1. I’ll admit to being surprised at anyone calling The Lies of Locke Lamora fantasy noir. Joe Abercrombie’s Best Served Cold I could certainly get behind, including the multiple 3rd person POVs, but not Lies. To me, Lies falls into the tradition of American pulp adventure rather than Hardboiled; it has far more in common with Leiber or Burroughs than it does with Stark (Who is actually the Westlake mentioned below) or MacDonald, for example, even when you set aside the fantastical trimmings. Those origins become still more apparent when you read Lynch’s Queen of the Iron Sands, a flat out Planetary Romance in the Burroughs or early Moorcock tradition. The crime elements seem influenced more by light hearted caper stories like Lawrence Block’s Bernie Rhodenbarr novels or Donald E. Westlake’s Dortmunder series.

    I love The Lies of Locke Lamora, it’s a fine, fine adventure story, but I agree with you that it most certainly isn’t a noir.

  2. I would recommend The Lies of Locke Lamora to anyone who enjoyed the previous noir books I listed, but I would classify it in the genre. I believe that it might be the idea that fantasy noir is just emerging, being only about three or four years old, sprouting up with Douglas Hulick and Daniel Polansky as frontrunners. But people wish to classify it, sticking it with Urban Fantasy most of the time. This was why I am a little apprehensive about the current book I’m reading, Storm Front. So many people list it as fantasy noir, but it is definitely not. Urban Fantasy, sure, but not noir.

  3. I think a game you might enjoy is L.A. Noire.

    I haven’t really read a lot of fantasy noir, nor any noir for that matter. Any recommendations? And I’ve already got Polansky and Hulick on a list, but I’m looking for some more detective type things. And not the “Oh, do I have to save the world again?” type of detective like Harry Dresden, etc.

    Anyways, thanks for explaining. Looking forward to more posts.

  4. Polansky is your big hit for a kind of “detective” genre mixed with a hint of fantasy. Hardboiled books like Chandler’s Marlowe work might be the closest you’re looking for, though they’re not noir. The game (not a book or movie actually) that got me into the genre of noir was Heavy Rain. Amazing thing, kind of like a movie. Highly recommended.

    My next “informative” post will deal with the noir tone, the defining factor of the genre. But first we must delve into Harry Dresden. Sigh.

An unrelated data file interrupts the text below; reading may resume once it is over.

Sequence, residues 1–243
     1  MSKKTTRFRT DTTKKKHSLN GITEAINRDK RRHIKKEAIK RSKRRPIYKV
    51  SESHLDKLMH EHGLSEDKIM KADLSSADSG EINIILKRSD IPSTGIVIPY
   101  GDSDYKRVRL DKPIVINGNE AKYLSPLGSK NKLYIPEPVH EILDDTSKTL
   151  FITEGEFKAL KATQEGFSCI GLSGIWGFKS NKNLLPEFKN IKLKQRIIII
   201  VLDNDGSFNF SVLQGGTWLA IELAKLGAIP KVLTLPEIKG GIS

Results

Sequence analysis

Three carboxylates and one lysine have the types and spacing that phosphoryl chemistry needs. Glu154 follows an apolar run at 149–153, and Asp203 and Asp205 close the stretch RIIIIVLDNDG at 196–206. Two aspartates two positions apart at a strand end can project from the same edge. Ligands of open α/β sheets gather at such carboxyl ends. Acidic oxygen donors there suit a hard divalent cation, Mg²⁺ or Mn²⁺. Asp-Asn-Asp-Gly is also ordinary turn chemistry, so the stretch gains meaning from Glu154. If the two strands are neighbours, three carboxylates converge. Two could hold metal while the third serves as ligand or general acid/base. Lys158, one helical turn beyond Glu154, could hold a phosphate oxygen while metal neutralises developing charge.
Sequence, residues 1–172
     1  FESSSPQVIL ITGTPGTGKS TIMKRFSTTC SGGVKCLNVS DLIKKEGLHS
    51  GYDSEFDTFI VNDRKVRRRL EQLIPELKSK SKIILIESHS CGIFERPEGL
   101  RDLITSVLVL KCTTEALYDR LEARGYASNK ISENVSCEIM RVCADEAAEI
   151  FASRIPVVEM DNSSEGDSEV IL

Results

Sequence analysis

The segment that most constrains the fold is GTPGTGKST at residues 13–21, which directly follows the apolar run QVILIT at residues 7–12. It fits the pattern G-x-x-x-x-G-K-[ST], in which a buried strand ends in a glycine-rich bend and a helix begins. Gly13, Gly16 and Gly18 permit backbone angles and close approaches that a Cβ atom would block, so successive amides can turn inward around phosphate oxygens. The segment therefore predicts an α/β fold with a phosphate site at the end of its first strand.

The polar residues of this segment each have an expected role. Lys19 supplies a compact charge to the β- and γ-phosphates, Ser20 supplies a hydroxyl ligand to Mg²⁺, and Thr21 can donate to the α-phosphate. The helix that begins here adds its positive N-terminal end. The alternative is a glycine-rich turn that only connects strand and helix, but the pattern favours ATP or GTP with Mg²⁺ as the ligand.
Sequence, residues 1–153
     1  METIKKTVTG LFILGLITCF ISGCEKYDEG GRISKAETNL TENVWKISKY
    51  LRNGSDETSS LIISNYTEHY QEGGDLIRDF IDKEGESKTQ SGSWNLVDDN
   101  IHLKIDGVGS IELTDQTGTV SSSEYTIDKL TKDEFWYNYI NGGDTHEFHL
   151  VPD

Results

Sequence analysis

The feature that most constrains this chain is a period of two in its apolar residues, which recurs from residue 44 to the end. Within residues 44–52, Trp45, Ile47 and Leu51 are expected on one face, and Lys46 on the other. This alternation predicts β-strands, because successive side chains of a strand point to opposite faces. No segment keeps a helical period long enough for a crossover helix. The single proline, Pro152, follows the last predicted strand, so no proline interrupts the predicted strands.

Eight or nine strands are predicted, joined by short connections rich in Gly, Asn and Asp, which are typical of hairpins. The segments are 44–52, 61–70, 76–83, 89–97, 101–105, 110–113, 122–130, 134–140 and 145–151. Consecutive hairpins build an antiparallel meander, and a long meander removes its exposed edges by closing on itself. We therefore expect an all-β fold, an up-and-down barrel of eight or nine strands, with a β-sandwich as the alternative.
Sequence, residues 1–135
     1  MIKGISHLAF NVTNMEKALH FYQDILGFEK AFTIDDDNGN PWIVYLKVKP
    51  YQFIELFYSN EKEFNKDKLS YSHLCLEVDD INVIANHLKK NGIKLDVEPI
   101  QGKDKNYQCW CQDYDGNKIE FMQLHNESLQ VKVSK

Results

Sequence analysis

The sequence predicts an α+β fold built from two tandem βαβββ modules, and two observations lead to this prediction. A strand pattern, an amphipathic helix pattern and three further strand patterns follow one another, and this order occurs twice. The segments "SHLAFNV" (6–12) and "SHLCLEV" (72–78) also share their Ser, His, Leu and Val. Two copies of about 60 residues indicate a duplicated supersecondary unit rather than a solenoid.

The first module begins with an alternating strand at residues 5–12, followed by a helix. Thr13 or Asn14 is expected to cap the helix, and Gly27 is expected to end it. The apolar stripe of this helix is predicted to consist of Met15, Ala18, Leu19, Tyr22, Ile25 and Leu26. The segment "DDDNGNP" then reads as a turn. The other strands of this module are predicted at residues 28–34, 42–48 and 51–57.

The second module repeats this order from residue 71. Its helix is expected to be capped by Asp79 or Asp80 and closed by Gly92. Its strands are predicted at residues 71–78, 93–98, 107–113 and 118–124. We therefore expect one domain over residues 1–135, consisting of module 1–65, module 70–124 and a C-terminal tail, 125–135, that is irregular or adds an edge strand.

5. I’m somewhat ashamed to admit that I had no idea what fantasy noir is. But doesn’t noir mean black/dark/dirty gray though? I mean, in French? 😮 not that it’s all that relevant. Thanks for explaining what this genre is about though 🙂 -K. Trian

  6. There are people who write about fantasy noir and aren’t familiar with film noir?

    I agree with you that what makes noir is the tone, and the cynical character(s). When I wrote my short fantasy noir story, that was what I focused on the most. Of course I also set it in the 1940s because that was something that felt appropriate for my piece, but I wouldn’t say that’s something that’s necessary for all noir.

    I think it’s interesting that you brought in the flashback aspect to the story as that’s not something I’d considered before. But it makes sense.

  7. If you’re interested in reading some fantasy noir, I’d suggest “The Troubleshooter” by Bard Constantine and “A Fistful of Nothing” by Dan Glaser. Might even want to try “Gods of Chicago” by A.J. Sikes. Actually, we call these dieselpunk, but it’s nearly the same as fantasy noir 😉

  8. If you are at all interested in “getting” the noir/ hard-boiled thing, you have got to read Chandler. In fact, if you are at all interested in great prose stylists of the twentieth century, you have got to read Chandler. Often imitated, never equaled.

    • I really need to write a follow-up to this out-dated piece of crap. Noir means “black” in French, not “night.” But details. . .

      I’ve actually read Chandler. Found his jargon and dialogue to be harder than Shakespeare. But he’s brilliant, especially at turns of phrase.